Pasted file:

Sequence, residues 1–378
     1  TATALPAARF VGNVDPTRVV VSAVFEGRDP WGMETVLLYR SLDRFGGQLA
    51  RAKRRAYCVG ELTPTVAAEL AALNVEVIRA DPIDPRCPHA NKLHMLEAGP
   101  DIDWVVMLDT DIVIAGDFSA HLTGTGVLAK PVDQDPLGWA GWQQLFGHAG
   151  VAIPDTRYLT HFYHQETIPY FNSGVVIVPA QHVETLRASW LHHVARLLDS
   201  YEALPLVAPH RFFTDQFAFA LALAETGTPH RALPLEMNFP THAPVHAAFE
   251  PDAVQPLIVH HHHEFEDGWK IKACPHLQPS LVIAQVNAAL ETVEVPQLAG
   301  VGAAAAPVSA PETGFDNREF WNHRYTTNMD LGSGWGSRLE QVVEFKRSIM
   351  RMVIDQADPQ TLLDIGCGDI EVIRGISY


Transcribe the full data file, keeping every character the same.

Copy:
Sequence, residues 1–378
     1  TATALPAARF VGNVDPTRVV VSAVFEGRDP WGMETVLLYR SLDRFGGQLA
    51  RAKRRAYCVG ELTPTVAAEL AALNVEVIRA DPIDPRCPHA NKLHMLEAGP
   101  DIDWVVMLDT DIVIAGDFSA HLTGTGVLAK PVDQDPLGWA GWQQLFGHAG
   151  VAIPDTRYLT HFYHQETIPY FNSGVVIVPA QHVETLRASW LHHVARLLDS
   201  YEALPLVAPH RFFTDQFAFA LALAETGTPH RALPLEMNFP THAPVHAAFE
   251  PDAVQPLIVH HHHEFEDGWK IKACPHLQPS LVIAQVNAAL ETVEVPQLAG
   301  VGAAAAPVSA PETGFDNREF WNHRYTTNMD LGSGWGSRLE QVVEFKRSIM
   351  RMVIDQADPQ TLLDIGCGDI EVIRGISY